It's another exciting CRYPTID-BITS with Aaron Lindenthaler and Don Nguyen here in the Yeti Cave to discuss RETRO #1. Time is running out on their KS, so it's a good thing Retro can travel back in time!
COMIC BOOK YETI: Aaron and Don, thank you so much for joining me here in the Yeti Cave for CRYPTID-BITS. 10 (or so) questions about you and your project, and you are here to talk about Retro #1, now on Kickstarter until July 21st.
What is Retro all about?
AARON LINDENTHALER: Hey, Jimmy, the short elevator pitch is that Retro is a drifter who can’t remember anything except he’s haunted by a terrible crime involving a child abduction. He’s not sure if he’s the hero or villain and sets out to find out and he also has no clue how a device embedded in his forearm enables him to go back in time for short increments, but he uses it to kick some ass and solve the mystery. But it is also about what lengths a father would go to save his son.
CBY: Aaron, as I understand it this is your debut comic. You are both a screenwriter and an Emmy-nominated editor for Project Runway as well as an editor for several other television shows. Are there skills you developed as an editor that you think translate well into writing a comic script?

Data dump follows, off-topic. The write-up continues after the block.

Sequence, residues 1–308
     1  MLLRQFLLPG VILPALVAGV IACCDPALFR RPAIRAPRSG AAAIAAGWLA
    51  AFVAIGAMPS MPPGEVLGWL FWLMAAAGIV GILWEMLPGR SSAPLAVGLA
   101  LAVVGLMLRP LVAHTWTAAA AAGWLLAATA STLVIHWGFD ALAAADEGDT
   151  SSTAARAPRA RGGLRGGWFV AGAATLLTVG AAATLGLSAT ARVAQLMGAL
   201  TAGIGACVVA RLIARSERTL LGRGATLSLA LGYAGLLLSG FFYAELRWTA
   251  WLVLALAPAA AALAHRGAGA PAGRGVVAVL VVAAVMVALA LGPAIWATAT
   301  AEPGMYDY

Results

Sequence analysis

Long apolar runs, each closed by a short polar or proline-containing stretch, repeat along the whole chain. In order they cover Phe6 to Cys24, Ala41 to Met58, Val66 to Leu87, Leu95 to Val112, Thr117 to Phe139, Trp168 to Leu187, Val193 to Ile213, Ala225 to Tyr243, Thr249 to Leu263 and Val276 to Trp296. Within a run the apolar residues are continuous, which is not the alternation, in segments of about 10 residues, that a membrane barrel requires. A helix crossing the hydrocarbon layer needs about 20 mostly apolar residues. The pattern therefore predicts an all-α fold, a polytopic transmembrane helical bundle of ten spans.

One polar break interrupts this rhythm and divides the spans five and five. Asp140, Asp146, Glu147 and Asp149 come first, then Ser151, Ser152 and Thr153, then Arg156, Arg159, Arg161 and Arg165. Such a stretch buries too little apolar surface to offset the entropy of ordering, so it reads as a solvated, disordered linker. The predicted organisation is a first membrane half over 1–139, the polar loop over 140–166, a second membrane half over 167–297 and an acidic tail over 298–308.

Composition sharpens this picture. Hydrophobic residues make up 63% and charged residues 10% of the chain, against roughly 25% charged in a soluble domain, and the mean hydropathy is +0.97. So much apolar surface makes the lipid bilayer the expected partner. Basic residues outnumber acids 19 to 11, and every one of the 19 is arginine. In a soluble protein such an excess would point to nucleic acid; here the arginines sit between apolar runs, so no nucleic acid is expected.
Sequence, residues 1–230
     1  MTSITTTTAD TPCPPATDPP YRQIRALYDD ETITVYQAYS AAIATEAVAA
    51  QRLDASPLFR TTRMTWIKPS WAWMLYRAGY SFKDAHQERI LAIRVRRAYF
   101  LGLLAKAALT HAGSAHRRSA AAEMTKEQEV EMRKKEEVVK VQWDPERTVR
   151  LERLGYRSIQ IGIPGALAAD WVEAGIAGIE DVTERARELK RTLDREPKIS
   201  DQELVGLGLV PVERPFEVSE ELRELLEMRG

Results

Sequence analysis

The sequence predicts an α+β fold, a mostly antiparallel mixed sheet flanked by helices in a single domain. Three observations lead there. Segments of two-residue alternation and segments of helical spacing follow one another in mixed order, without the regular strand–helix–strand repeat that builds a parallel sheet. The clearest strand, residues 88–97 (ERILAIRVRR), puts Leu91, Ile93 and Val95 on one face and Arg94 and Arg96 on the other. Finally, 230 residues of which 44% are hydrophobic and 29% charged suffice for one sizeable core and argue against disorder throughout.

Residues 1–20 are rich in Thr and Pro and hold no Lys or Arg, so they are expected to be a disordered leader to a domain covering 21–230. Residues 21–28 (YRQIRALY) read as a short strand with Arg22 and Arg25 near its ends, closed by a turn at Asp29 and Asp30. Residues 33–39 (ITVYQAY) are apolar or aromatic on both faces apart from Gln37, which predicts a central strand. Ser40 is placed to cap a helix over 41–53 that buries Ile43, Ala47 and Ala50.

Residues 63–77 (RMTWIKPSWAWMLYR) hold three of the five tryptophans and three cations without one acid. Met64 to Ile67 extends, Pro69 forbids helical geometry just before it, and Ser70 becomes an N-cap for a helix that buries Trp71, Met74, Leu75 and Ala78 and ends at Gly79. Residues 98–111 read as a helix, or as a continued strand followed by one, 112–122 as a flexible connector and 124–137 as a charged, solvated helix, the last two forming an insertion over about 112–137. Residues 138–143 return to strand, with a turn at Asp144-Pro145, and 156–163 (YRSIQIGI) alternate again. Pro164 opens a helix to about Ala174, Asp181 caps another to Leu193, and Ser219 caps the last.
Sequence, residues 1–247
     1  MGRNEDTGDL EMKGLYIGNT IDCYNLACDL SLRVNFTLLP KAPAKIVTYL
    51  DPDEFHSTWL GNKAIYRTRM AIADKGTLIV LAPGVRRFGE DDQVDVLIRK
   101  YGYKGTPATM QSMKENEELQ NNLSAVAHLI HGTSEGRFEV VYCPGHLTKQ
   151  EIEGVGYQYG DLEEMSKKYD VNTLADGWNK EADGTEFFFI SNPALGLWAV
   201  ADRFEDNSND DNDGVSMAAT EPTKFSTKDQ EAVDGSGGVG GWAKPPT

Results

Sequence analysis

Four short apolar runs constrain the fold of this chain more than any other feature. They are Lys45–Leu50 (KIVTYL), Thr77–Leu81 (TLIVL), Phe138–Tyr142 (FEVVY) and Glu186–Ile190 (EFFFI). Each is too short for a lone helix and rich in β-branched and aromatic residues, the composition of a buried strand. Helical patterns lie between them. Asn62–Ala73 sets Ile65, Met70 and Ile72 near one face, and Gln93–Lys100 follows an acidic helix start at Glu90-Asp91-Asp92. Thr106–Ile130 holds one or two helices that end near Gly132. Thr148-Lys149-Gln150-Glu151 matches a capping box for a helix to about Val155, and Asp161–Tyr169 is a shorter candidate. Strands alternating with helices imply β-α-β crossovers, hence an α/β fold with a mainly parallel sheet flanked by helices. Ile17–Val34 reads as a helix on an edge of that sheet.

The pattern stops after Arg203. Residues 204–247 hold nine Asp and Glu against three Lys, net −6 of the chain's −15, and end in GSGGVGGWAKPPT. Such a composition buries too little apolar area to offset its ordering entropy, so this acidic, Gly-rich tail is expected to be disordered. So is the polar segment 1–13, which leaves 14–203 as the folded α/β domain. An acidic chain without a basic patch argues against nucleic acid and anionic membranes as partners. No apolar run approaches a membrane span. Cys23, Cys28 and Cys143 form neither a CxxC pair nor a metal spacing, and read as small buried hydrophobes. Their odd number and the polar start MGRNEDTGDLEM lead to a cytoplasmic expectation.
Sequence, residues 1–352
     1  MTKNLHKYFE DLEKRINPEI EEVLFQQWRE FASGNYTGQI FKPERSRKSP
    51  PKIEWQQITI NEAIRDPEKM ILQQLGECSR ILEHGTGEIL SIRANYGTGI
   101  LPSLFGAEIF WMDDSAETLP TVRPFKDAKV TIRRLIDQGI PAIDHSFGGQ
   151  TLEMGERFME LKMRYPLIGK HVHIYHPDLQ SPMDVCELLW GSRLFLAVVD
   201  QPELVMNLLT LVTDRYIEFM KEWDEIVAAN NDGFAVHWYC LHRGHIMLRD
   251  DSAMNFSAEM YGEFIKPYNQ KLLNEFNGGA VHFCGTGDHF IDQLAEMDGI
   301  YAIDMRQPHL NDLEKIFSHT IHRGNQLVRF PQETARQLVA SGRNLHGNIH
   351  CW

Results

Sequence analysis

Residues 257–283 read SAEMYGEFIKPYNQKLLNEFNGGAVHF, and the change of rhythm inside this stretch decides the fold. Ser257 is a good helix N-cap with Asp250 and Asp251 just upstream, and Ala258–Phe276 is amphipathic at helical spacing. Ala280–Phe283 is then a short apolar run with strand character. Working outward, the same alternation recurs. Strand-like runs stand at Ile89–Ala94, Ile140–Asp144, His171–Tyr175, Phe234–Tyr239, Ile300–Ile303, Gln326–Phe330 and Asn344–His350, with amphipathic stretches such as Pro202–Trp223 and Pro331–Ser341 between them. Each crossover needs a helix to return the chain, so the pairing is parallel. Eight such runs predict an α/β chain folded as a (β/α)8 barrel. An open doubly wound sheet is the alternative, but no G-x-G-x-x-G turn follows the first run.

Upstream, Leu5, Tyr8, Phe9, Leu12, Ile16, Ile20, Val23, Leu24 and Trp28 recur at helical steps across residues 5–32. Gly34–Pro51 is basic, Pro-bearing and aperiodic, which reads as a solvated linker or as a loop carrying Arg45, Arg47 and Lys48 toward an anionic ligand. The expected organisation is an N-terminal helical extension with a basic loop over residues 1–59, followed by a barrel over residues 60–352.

AL: Actually, yes. As a scripted editor, you are looking at which takes feel the most real and gives a pace and tone to the movie. As a reality editor, you are always thinking about story, story, story. How do these characters pop and tell the story and how will the audience understand and follow what is happening? I often keep my mother in mind while I edit. My mother is great, but when I was a kid she never understood those Far Side jokes and I ended up always explaining them to her. So I think, would my mother get this? LOL.
Also, an editor is a collaborator and that is key when working with a team. I know that each member has a valuable voice to help tell the story. So Don Nguyen did the pencils and ink, and Ellie Wright did the colors and Jerome Gagnon did the lettering.
And an editor has to be willing to go over the same footage, over and over, and keep grinding away at the story, again and again, until your eyes bleed. It’s a good lesson for writers to keep at it until the story is as close to perfect as you can get it.
CBY: Don, as both a comic book artist and storyboard artist, is your approach to projects different and if so, in what ways?